London Marathon 2022: I enjoyed every minute thanks to the crowd

I'm celebrating 26.2 miles with my sister Caroline

Celebrating 26.2 miles with my sister Caroline, right (Image: Katherine Fidler)

I ran my first marathon yesterday. And I loved it.

why did i love it Was it the almost five hours of continuous running (very slowly)? Feeling like my quads are turning to rocks with every mile that goes by? Or maybe swallow the famously delicious energy gels to keep going?

no I loved it because every single person lined the course and cheered for all of us.

I’ve been on the sidelines before, clapping by the thousands as the runners whiz by in varying states of ecstasy and agony. Some thrive and pass, others look like they’re seriously reconsidering all the life choices that got them to this point.

There are photos of me in both states now, and what I didn’t quite get before was wherever you’re emotional (and it’s a rollercoaster), the crowd will carry you through.

On the day of the 2021 London Marathon, I decided to run this year and also essentially committed to raising a small fortune for charity as there are so few voting spots available. I soon after forced my sister Caroline to join me and on March 29th we both got spots on Age UK. The journey had begun.

Fast forward through training – plagued by small, tricky injuries that took the most of the fun out of it – and on Sunday 2nd October, Caroline and I emerged from DLR at 8:30am and joined the flood of runners and supporters pouring into Greenwich Park, the air thick with nerves and deep heat.

Some early morning encouragement from TfL - thanks!

Some early morning encouragement from TfL – thanks! (Image: Katherine Fidler)

Unfortunately, an admin error resulted in Caroline and I being assigned different starts, making it a bit more difficult to finish the race together.

However, from the second I crossed my 10:50 start (by which time the pros had more than halfway through) until we met, I was never alone.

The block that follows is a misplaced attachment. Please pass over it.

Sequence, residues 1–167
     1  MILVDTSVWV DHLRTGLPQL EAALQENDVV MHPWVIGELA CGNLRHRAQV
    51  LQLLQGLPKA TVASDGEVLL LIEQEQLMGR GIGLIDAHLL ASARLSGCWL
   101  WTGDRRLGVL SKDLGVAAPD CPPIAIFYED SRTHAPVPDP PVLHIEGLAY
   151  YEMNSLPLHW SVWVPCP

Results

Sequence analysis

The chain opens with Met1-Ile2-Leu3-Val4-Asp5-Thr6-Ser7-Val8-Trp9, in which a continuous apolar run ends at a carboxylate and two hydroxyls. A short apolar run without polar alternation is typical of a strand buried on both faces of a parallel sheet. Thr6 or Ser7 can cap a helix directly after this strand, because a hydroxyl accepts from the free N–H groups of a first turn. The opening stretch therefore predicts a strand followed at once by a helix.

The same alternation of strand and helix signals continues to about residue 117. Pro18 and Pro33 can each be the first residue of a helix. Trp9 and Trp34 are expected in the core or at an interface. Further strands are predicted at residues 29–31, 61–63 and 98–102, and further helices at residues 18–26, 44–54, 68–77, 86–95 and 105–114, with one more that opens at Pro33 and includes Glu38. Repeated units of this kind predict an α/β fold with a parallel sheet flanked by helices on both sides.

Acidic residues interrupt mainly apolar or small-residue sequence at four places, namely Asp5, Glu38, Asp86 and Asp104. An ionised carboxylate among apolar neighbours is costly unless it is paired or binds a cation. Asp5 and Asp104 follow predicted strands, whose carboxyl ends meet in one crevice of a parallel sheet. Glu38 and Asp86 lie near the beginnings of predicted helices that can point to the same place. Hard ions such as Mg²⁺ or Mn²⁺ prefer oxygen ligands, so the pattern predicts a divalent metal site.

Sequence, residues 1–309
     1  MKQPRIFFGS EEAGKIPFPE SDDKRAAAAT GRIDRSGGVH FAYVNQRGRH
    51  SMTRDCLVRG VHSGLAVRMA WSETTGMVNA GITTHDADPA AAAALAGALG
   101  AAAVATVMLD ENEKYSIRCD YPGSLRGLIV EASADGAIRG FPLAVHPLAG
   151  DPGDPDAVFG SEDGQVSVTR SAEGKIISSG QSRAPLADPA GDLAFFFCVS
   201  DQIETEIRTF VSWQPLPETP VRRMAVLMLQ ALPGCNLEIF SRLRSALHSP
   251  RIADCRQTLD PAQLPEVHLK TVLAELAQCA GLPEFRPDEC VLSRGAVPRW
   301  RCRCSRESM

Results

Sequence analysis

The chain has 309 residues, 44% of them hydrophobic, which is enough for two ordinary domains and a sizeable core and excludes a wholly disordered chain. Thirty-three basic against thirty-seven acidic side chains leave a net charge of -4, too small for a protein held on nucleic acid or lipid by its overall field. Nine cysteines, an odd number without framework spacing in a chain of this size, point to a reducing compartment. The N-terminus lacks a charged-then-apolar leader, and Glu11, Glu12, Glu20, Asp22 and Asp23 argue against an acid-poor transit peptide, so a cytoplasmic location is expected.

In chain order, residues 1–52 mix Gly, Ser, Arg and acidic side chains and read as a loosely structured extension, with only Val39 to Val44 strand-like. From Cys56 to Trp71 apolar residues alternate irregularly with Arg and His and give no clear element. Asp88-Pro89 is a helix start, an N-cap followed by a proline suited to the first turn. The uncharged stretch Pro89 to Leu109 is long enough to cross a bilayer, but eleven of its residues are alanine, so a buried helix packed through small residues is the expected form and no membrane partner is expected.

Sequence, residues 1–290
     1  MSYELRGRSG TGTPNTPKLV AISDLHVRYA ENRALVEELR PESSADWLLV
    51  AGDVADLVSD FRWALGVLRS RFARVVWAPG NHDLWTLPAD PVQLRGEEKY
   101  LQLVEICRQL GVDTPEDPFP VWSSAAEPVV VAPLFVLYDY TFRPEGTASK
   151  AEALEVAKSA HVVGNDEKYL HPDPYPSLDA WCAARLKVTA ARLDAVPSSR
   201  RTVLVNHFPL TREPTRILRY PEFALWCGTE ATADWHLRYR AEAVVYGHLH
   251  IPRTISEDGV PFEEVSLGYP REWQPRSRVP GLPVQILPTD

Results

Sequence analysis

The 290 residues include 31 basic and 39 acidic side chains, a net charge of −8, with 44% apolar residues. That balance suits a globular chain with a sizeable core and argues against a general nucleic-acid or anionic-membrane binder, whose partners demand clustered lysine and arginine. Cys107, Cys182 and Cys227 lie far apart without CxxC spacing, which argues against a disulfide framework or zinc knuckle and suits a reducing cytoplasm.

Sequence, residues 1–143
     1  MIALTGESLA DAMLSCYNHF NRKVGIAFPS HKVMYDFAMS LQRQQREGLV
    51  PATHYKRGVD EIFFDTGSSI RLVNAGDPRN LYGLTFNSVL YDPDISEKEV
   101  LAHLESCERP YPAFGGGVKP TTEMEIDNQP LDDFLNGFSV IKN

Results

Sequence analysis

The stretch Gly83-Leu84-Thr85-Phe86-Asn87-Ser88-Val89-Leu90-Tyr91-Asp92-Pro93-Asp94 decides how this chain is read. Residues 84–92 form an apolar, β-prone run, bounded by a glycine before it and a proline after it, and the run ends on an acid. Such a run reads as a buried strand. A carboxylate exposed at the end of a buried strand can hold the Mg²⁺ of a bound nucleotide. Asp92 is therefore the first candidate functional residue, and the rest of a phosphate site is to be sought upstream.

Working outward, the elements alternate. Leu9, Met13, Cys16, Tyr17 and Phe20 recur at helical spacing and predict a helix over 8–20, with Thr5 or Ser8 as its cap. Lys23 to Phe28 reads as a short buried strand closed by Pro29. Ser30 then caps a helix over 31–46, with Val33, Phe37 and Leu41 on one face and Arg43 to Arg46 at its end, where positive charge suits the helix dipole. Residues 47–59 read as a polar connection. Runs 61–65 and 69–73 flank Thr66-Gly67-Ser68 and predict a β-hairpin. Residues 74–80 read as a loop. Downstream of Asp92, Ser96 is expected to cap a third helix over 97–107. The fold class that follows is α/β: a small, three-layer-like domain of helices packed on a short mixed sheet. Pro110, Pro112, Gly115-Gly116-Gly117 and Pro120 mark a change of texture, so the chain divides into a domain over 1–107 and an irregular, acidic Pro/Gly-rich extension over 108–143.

Grandstands full of supporters turned to crowds on the moors as we started our journey completely wrong, with the London skyline behind us and the road to Kent ahead. Heath turned into homes before its residents stood, sacrificing a precious Sunday morning to lift tens of thousands of strangers in the first 26 miles.

Big sister dropping me off at my start

Big sister dropping me off at my start (Image: Katherine Fidler)

The route leading up to Greenwich is rarely touted as a vintage stage of the race, and having completed major half marathons with quieter sections like the Great North Run and Big Half, I expected some magic without the crowds outside the gates.

How wrong I was

Never mind that Woolwich Road isn’t blessed with iconic locations that let the BBC cameras beam around the world. Families, friends, partners and local residents still lined the course – maybe not five deep and even with a few breaks between groups, but they were still there, setting our course. An early appearance from a former colleague was an added bonus, a familiar face in the cheering crowd.

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And when the Cutty Sark comes, six miles down, 20 to go, it’ll go up a few gears. Crowded against the barriers as if they were the front row at a festival, adults and children hooted and cheered, shouted names, rang cowbells and clapped bouncy castles.